Maybe it's nit-picking, but re: Jesse's escape -- when exactly did Jesse learn how to pick handcuffs? Is it really that easy?

As to him being fucked, yeah -- I would not have anticipated things going quite this rough for Jesse. A lot of fans seem to just want to see him die at this point just so that he's put of his misery. Living on after this with all he's witnessed and learned would almost be crueler than death. Agree about Andrea's murder. Pretty chilling.

I also loved the scene where Skyler discovers Todd and Co. in the baby's room. I didn't see it coming and that first take of a bunch of masked men standing around the baby's crib was just great. Todd was excellent in both scenes. He's such an interesting character and becomes more interesting with each new scene; it's a shame we've gotten relatively little time with him due to his late entry.

I enjoy how much care they have put into new characters as we've moved through the series. First there was Tuco and his gang. Now, I thought they worked fine and that Tuco was a great character, but it was bit typical/obvious compared to what would come. They upped the ante by adding Theo and his bell, which gave more nuance to Tuco and provided a great additional character on top of him. Then they introduced Saul, and wisely offed Tuco to shift over to the far more interesting Gus (and Mike). Feelings seemed mixed about Jane, but I thought she was great and that they did a good job of making her more than just a plot device (sadly, they failed to do as good a job with Andrea/Brock). Around this time they also introduced the cousins. The cousins I think were too over-the-top, too cartoony, too unlike real human beings -- but they were pretty entertaining, made a nice visual, added a slight surreal flair, and Hank's parking lot duel with them was one of the best action set pieces I've ever seen in a TV show. Go back and watch it again -- it's really masterful.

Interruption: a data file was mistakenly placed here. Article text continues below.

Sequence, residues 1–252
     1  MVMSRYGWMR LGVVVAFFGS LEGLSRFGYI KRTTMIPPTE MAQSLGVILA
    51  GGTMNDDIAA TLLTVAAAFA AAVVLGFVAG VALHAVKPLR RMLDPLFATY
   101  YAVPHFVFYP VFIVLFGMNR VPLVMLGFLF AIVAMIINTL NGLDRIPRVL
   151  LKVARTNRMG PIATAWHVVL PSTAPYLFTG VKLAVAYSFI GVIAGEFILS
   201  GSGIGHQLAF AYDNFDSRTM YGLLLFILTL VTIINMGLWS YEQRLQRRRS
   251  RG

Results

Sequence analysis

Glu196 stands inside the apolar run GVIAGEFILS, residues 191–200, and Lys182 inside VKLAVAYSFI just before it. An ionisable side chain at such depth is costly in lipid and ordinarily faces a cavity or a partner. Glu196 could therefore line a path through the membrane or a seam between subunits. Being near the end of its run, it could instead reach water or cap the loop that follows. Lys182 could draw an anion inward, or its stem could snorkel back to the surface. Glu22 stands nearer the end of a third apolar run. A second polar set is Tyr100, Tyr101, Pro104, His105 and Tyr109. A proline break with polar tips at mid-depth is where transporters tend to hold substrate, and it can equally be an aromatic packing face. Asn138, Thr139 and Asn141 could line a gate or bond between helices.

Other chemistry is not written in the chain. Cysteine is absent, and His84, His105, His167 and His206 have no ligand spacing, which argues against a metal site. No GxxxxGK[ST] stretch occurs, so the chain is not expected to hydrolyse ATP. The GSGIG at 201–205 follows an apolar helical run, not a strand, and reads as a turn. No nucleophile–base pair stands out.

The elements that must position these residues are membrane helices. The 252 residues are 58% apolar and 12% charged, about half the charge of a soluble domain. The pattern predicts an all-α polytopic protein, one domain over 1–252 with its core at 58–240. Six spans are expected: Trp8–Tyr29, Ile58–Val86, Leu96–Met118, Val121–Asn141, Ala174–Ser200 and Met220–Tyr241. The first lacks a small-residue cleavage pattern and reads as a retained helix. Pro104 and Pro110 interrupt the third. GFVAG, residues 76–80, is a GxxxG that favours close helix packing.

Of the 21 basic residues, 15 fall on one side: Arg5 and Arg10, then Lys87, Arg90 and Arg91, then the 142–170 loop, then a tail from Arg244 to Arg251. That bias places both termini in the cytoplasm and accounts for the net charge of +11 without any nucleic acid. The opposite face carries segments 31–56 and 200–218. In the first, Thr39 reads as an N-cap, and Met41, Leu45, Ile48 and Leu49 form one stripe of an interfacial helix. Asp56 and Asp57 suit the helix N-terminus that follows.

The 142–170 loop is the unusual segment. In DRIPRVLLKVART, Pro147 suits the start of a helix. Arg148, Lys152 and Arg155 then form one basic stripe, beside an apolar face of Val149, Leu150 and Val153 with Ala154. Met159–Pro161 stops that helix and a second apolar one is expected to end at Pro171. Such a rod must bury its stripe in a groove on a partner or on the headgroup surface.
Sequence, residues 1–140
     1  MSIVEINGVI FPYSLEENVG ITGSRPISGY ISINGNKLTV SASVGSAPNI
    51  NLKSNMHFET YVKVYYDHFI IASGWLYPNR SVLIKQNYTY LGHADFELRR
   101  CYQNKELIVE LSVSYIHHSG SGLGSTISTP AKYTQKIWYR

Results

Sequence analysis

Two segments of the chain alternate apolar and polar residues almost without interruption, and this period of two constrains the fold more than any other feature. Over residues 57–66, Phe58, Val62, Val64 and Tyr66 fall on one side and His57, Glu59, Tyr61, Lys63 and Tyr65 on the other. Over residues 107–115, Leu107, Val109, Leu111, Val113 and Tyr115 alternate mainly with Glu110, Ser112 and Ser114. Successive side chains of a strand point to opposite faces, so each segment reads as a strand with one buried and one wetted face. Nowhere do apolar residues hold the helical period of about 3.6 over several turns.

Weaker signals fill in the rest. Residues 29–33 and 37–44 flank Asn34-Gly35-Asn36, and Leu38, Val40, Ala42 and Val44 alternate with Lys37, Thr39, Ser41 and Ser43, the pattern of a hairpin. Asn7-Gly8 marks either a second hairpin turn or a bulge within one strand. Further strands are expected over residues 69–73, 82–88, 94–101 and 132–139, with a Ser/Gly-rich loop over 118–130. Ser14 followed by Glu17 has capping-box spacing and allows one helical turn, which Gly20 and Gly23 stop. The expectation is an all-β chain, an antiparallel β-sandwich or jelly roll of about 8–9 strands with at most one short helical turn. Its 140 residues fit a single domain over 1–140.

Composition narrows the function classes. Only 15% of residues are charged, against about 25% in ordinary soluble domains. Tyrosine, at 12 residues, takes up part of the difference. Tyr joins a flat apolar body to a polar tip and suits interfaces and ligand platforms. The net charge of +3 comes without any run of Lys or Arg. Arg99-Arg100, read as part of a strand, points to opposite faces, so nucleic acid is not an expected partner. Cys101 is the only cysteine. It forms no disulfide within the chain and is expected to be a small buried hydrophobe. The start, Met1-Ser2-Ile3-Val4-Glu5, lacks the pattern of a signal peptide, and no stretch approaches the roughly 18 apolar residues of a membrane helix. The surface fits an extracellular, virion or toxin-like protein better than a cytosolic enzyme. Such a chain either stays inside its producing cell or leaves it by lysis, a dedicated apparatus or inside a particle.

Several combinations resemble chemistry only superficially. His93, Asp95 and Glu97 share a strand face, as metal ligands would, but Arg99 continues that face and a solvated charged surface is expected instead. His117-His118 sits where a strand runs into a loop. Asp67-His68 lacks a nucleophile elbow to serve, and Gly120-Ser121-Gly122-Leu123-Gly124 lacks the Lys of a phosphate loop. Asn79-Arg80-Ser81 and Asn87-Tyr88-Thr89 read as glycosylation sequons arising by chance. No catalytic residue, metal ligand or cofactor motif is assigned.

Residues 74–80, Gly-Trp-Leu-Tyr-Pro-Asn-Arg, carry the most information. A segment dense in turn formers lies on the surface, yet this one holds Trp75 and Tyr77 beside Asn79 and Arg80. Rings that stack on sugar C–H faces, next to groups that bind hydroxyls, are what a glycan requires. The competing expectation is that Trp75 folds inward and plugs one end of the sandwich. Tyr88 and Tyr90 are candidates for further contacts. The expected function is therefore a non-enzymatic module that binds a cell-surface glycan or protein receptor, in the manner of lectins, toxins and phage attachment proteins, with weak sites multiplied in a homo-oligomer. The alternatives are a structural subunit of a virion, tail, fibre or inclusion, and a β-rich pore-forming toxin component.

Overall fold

Todd, Lydia, and the Nazi gang are all pretty solid late editions they could get a lot more mileage out of if the series wasn't ending. They're all very different from one another and from past characters, and add something interesting. I liked Robert Forster as the mysterious Eraser, as well. Relatively inspired bit of casting there. Shame that's probably all we'll get of him.

Oh, about the Nazis knowing where Andrea/Brock live, they know from Walt. Recall that Walt had them wait outside her house when he placed the hit on Jesse. He had Andrea make the phone call to Jesse, who he thought would rush to her house, and the Nazis were to wait there to take him out when he arrived. But Hank intercepted that call, so it didn't pan out. But that's how the Nazis knew about Andrea/Brock (and their importance to Jesse).

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#602352 - 09/23/13 07:03 PM Re: breaking bad : season 5 [Re: madget]
madget Offline
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Registered: 05/11/01
Posts: 4870

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#602353 - 09/25/13 03:18 AM Re: breaking bad : season 5 [Re: madget]
Allen Montgomery Offline
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Registered: 05/08/00
Posts: 7089
Originally Posted By: madget
No sympathy for Jesse at all? Sheesh.

Jesse has annoyed me so much from the very beginning, I can't even stand the actor. His torment in this last episode was so very tasty. I felt like a Cenobite.
_________________________
"The trouble with being a ghost writer or artist is that you must remain anonymous without credit.
If one wants the credit, one has to cease being a ghost and become a leader or innovator."
Bob Kane

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#602354 - 09/26/13 05:31 PM Re: breaking bad : season 5 [Re: Allen Montgomery]
madget Offline
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Registered: 05/11/01
Posts: 4870
Hmm. What exactly is it that keeps you watching, Allen? You don't seem to enjoy the show in general very much.

Some news today about Gillian's next project, though he won't be the actual showrunner. That'll be the creator of the tiresome 'House' series. There's not much to go on, but so far it sounds breathtakingly uninteresting, save for being set in Battle Creek, MI (which is notable mainly in that Battle Creek, MI is a very uninteresting place).